Look, what people here are saying is that a design that works this way isn't very good. It is not really a language deficiency that you cannot do this, but rather c ++ allows you to do many things, a lot of which are not advisable. It gives you the rope, if you chose tohang it's up to you. By trying to avoid behaviour in your super class, you ar really saying this shouldn't be a sub class. Maybe composition would be more appropriate.. –  time4tea Jan 18 '11 at 17:44
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This isn't possible in Java. And btw. there aren't any pointers in Java.

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I would jump on the "something in this design smells funny" train. Normally, you override a method so that it works properly for that specific subclass. If you have code in your parent class that is shared across multiple subclasses, perhaps that code could be moved to a non-overridden method so that it is readily accessible by all children/granchildren/etc.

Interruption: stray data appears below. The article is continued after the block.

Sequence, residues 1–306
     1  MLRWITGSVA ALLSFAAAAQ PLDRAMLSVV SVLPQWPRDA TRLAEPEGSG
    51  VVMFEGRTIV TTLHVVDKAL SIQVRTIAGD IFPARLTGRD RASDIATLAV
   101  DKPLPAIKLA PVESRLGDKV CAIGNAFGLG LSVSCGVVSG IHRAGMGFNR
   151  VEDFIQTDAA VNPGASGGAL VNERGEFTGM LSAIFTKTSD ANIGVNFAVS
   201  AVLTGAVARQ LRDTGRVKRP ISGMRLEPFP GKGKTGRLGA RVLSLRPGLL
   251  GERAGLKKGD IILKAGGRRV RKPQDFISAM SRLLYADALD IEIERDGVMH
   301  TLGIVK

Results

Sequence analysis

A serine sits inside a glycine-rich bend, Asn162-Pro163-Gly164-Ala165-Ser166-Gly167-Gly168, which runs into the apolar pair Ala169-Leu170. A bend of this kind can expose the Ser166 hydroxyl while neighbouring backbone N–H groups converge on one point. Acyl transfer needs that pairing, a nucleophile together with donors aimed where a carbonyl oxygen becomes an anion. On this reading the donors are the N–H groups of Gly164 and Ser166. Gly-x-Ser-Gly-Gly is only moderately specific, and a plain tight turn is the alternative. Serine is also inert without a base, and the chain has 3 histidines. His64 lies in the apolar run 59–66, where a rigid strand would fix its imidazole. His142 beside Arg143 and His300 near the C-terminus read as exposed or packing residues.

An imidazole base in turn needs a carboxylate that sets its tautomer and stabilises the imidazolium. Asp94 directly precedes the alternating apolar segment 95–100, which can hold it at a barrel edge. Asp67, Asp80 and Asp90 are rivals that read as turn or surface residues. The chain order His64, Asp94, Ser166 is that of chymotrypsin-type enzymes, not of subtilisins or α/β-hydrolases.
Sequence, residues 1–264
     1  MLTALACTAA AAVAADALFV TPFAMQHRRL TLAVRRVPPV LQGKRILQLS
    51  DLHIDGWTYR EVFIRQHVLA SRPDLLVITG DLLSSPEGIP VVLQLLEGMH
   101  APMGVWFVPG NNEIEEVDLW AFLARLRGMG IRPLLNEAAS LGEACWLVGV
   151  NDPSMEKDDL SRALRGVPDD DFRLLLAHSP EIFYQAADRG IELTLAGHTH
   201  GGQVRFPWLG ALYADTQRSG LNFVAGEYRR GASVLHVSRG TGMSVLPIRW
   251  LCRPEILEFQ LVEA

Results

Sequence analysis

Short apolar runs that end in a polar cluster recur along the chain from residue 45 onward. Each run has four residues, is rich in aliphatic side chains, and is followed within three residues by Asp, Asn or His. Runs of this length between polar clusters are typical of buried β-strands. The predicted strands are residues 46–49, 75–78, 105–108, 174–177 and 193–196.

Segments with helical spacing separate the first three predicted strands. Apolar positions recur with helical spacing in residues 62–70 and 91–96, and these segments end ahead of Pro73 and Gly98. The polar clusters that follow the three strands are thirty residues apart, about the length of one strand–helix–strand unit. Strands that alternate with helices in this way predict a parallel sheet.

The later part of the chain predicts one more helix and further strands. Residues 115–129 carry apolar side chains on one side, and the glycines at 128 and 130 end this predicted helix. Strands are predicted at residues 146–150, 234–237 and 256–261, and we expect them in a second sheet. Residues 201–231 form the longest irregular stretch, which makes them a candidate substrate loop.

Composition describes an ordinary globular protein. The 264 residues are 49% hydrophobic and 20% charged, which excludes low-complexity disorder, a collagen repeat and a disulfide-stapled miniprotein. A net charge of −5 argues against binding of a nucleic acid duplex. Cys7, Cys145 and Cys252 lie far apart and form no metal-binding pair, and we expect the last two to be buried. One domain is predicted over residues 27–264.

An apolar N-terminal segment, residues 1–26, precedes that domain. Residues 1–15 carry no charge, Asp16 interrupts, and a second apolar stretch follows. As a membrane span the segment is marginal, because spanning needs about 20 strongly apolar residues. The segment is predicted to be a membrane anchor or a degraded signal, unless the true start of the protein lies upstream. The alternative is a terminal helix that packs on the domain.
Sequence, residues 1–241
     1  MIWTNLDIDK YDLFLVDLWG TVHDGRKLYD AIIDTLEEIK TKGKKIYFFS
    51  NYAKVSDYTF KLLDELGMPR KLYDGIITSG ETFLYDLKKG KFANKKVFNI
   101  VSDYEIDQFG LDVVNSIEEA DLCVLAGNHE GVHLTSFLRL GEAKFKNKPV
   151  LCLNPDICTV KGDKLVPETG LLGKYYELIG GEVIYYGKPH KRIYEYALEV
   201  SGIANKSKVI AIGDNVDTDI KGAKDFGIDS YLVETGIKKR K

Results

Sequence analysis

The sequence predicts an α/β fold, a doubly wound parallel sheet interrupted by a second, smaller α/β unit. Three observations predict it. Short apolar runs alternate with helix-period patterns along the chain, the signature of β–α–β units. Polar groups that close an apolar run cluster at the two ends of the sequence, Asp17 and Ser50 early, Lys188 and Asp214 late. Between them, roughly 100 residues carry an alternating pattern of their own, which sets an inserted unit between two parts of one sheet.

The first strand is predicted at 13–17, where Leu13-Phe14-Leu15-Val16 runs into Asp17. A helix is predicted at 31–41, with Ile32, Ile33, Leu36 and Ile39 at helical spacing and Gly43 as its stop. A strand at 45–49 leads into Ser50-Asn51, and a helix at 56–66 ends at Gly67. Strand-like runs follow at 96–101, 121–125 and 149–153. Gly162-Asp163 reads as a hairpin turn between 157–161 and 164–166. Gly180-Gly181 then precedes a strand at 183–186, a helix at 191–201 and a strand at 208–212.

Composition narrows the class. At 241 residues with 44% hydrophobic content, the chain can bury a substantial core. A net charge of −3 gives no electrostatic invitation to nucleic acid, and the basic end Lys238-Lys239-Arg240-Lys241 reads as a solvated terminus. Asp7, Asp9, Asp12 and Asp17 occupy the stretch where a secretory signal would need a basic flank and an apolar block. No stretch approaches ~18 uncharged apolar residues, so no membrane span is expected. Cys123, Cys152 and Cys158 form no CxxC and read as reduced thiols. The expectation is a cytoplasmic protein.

Could you perhaps flip your design over and use more of a template method approach? (http://en.wikipedia.org/wiki/Template_method_pattern)

The notion behind Template Method is that you have some algorithm in your parent class and you can fill in the pieces that need to be class specific by polymorphic calls into your subclasses. You don't have a ton of detail in your question, but by the sounds of things, I'd really take a good look at your design and see if it makes sense.

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Will try to look into it –  Skeen Jan 18 '11 at 17:27
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Why don't you have func() be not inherited (call it funcBase() or whatever) and then add a wrapper func() function that calls it?

class A{
    public void funcBase() {
        // Base implementation
        }
    public void func() {
        funcBase();
    }
}

class B extends A{
    public void func(){ 
         super.func();
 }
}

class C extends B{
    public void foo(){
         super.func();   // Call B's func
         funcBase();     // Call A's func
    }
}

I have no idea what you're trying to do, but it sounds like your class design is not appropriate for what you want, so you may want separate functions in A instead of trying to sneak your way up the ladder.

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Its a part of a quite complex particlesys. - And I guess what your writing could be done too, its just.. ugly. –  Skeen Jan 18 '11 at 17:21
    
To get better help, you'd provide more details on what you're trying to do. –  EboMike Jan 18 '11 at 17:24
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This example is the only way to call a "grandparent" super method.